Behind Russia's War on Ukraine
Russia has no right to launch attacks across Ukraine and it must pull back. We must stand with Ukraine against the war being waged on it by Russia, and demand that Russia immediately stop bombing Ukraine and withdraw its military from Ukraine territory and airspace. All sides must return to diplomacy to de-escalate the situation and resolve the current impasse.
The Kremlin is responsible for this terrible act of war, however the conflict cannot be understood outside the relentless drive by the United States to expand NATO up to Russia’s border and to encircle it militarily.
NATO should have been dismantled in 1991 at the same time as the Warsaw Pact. Its continued existence and eastward expansions prove that its primary purpose is not defensive, but that it is aimed at boxing Russia in.
Some of Russia’s security demands, in particular that NATO not deploy missiles on its borders, are quite reasonable. Just imagine the US reaction if Russia were installing nuclear missiles, aimed at US cities, on its southern border: the invasion of Mexico would have already happened.
From the outset, the Biden administration has used the current tensions as a pretext to push its own strategic objectives. These include: stationing more NATO forces on Russia’s borders; imposing tighter sanctions; stopping the expansion of Russian gas sales to Europe and pulling European powers, such as Germany, closer to the US position.
But none of this changes the fact that the recent military strikes against targets across Ukraine are a totally unjustifiable response on the part of Russia, and a complete violation of the right of the Ukrainian people to decide their own future.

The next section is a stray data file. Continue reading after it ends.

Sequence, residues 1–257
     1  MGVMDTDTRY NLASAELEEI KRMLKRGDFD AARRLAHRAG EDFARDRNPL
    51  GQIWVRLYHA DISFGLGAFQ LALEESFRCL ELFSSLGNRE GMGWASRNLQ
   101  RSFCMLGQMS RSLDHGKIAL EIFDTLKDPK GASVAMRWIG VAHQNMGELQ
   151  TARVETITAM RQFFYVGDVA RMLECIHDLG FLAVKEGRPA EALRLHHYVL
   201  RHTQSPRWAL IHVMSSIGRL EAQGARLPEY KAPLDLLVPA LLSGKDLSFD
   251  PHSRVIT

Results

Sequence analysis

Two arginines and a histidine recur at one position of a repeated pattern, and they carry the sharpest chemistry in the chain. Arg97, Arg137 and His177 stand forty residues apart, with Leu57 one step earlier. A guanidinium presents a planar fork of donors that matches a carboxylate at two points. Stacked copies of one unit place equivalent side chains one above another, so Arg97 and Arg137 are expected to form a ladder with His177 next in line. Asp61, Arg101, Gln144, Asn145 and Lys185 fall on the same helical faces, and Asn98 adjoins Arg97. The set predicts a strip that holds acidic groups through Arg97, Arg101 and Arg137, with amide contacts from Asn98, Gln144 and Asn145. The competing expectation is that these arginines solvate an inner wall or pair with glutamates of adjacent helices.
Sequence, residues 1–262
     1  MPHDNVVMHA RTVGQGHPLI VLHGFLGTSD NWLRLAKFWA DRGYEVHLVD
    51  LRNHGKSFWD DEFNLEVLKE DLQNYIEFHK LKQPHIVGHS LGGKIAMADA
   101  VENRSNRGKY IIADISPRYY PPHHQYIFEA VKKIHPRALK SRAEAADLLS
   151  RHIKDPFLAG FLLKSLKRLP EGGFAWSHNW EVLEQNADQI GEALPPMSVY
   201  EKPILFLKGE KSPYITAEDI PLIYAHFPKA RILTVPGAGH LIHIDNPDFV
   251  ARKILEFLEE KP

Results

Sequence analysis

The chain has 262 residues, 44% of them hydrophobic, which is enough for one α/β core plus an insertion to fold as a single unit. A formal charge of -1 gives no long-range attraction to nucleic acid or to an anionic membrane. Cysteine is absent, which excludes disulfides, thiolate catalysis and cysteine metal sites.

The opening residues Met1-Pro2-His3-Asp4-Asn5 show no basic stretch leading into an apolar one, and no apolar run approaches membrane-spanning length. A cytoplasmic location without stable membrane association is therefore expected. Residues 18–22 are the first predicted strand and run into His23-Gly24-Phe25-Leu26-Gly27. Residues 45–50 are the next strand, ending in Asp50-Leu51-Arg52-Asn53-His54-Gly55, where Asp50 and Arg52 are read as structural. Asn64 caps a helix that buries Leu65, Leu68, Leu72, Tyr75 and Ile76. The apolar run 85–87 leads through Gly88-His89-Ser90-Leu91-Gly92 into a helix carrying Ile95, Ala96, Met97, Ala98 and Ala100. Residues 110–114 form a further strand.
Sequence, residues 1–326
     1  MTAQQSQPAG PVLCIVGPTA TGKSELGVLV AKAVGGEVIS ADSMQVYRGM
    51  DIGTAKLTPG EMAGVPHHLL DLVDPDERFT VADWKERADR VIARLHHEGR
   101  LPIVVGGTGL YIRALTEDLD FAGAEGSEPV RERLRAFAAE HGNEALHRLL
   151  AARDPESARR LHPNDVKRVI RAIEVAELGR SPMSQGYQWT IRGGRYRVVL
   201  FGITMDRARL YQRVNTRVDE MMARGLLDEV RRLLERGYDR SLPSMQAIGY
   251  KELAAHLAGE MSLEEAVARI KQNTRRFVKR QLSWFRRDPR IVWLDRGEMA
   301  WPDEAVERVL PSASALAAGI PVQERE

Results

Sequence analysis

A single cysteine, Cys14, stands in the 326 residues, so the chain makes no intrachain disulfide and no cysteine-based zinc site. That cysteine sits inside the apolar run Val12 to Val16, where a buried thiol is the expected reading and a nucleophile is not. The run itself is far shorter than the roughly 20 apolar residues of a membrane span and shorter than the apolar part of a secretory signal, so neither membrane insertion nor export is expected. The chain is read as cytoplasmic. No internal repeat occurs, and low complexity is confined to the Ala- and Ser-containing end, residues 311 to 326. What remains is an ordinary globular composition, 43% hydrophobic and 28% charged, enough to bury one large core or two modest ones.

For weeks Biden has been insisting that Russia was planning a wholesale invasion and occupation of Ukraine. Is this a serious option for Russian President Vladimir Putin?
The cost to the Russian economy of occupying all of Ukraine would be enormous, especially as it would surely face stiff resistance, particularly in the west of the country. The consequences for the Russian and Ukrainian people would be catastrophic.
Russia is a big country that has inherited some of the former Soviet Union’s military technology. But it has a small economy relative to its population of 145 million: it has the eleventh largest GDP in the world, after South Korea, with 51 million people, at number 10, only just ahead of Australia, with 25 million people.
Ukraine, with a population of 43 million, is even poorer with a smaller GDP than New Zealand with 4.7 million inhabitants.
This demonstrates that Russia’s economic development places it among the countries of the “semi-periphery” — like Brazil, China, Turkey or Mexico — rather than the very wealthy high-tech economies of North America, Western Europe, Japan and Australia. Furthermore, Russia’s annual military expenditure of US$60.1 billion is absolutely dwarfed by the US$778 billion spent by the US.
While Russia and China remain well behind the economic development of the richest and most industrialised countries, they still control large territories and, in the case of China, it has a big economy in absolute terms, with a GDP second only to the US.
Critically, Russia and China pursue their own economic and military strategies independent of, and sometimes contrary to, the interests of US capitalism. For the US establishment this is intolerable and explains all the talk about “containing” China and the drive to expand NATO.
Neither Russia nor China has the ability to launch invasion forces reaching across the globe like the US did in Iraq. However, in their determination to break out of their encirclement by the US and to draw other territories and populations into their own economic projects, both are prepared to interfere in the affairs of their neighbours, sometimes with terrible consequences.